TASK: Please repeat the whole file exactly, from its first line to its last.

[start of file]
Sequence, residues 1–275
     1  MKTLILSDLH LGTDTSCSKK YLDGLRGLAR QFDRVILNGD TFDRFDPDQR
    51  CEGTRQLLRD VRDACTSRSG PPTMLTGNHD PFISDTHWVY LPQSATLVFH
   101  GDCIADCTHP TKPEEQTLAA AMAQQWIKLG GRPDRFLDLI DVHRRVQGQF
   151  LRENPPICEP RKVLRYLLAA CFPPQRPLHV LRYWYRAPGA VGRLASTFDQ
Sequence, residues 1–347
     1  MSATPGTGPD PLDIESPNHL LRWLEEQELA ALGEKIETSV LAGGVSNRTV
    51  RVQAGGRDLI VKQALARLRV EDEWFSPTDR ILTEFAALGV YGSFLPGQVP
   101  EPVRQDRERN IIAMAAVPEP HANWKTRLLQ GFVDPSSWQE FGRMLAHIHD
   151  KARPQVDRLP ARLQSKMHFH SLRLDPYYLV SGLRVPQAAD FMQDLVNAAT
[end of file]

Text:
Sequence, residues 1–275
     1  MKTLILSDLH LGTDTSCSKK YLDGLRGLAR QFDRVILNGD TFDRFDPDQR
    51  CEGTRQLLRD VRDACTSRSG PPTMLTGNHD PFISDTHWVY LPQSATLVFH
   101  GDCIADCTHP TKPEEQTLAA AMAQQWIKLG GRPDRFLDLI DVHRRVQGQF
   151  LRENPPICEP RKVLRYLLAA CFPPQRPLHV LRYWYRAPGA VGRLASTFDQ
Sequence, residues 1–347
     1  MSATPGTGPD PLDIESPNHL LRWLEEQELA ALGEKIETSV LAGGVSNRTV
    51  RVQAGGRDLI VKQALARLRV EDEWFSPTDR ILTEFAALGV YGSFLPGQVP
   101  EPVRQDRERN IIAMAAVPEP HANWKTRLLQ GFVDPSSWQE FGRMLAHIHD
   151  KARPQVDRLP ARLQSKMHFH SLRLDPYYLV SGLRVPQAAD FMQDLVNAAT